The pre-motor filter usually works by trapping the dirt and dust that may want to enter the internal parts of the motor. Then the post-motor filter helps further clean the outlet air before exiting into the house.

All these parts must be cleaned regularly to ensure optimal performance. “Regularly” in this case can be monthly if your vacuum will be running every day or after two months on an irregular basis.

Nonetheless, different types of filters have different ways to clean them. Some are washable in water and detergent, while others can only be dry-cleaned. See below.

How To Clean Shark Robot Vacuum Filter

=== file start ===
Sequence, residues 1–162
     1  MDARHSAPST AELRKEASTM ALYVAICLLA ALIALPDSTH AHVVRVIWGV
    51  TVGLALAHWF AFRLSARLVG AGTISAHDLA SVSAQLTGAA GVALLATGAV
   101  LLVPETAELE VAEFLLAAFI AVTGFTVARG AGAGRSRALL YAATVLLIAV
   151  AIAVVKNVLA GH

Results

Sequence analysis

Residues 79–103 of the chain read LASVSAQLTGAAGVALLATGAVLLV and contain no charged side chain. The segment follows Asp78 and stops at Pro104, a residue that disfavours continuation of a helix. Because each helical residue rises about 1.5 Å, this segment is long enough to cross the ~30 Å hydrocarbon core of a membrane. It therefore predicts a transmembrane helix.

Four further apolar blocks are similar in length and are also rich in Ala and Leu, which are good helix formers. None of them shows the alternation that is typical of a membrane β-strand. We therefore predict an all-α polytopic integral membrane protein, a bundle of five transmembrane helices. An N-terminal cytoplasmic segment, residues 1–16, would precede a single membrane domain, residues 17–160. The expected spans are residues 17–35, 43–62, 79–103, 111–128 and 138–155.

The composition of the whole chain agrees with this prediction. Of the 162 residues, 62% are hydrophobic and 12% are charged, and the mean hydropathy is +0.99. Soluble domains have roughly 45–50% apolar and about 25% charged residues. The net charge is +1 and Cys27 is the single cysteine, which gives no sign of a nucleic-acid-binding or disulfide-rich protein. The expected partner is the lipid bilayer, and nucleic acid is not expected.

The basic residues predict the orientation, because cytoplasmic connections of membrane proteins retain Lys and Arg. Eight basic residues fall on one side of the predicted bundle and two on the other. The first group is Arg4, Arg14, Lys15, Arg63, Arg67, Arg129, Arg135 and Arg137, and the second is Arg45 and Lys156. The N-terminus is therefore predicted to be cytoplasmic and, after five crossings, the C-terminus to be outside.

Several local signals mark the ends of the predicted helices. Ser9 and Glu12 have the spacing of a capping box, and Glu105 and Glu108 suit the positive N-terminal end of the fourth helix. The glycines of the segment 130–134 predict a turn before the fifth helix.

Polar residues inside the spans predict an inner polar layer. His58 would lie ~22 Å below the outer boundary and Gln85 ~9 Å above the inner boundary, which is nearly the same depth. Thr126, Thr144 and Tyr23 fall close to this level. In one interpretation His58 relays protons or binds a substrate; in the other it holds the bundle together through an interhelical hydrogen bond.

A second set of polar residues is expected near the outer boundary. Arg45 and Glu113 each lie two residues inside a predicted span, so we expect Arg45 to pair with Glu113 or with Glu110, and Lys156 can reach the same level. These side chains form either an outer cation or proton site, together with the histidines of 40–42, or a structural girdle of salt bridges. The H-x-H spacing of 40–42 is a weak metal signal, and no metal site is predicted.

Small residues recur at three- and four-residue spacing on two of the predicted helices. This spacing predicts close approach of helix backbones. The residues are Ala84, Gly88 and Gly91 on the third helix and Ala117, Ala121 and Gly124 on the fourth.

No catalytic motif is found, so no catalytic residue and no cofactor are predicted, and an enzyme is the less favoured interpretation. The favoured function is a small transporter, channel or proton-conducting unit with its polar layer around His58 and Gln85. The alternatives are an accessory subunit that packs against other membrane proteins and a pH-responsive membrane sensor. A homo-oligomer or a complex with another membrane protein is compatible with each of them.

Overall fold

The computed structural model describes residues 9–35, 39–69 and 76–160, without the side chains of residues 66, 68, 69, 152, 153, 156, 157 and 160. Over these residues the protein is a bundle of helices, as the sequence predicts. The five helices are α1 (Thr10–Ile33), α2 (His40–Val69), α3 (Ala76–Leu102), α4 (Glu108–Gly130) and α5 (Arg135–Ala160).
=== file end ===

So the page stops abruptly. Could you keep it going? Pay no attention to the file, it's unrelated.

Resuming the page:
Part 1: The Robot Vacuum Head

Technically, all the cordless robot vacuum from Shark has this air filter system, including those without the self-emptying base. It’s the most vital in ensuring thorough sweeping of your floors.

So, I’d recommend cleaning the filter after every month, assuming you’ve set your machine to also clean your house every day. To do that, you’ll need to:

  1. Make sure your robot vacuum is currently powered off
  2. Take out the tiny collector bin and open it up to empty any debris available
  3. After you’ve emptied the collector bin, pull out the filter piece from its position and you’ll notice the amount of dirt collected
  4. Next, use a brush to wipe the dirt off the filter bars clean. You could use an air compressor or gas duster (also called an air can) if available. DON’T clean the part in water no matter how dirty it appears.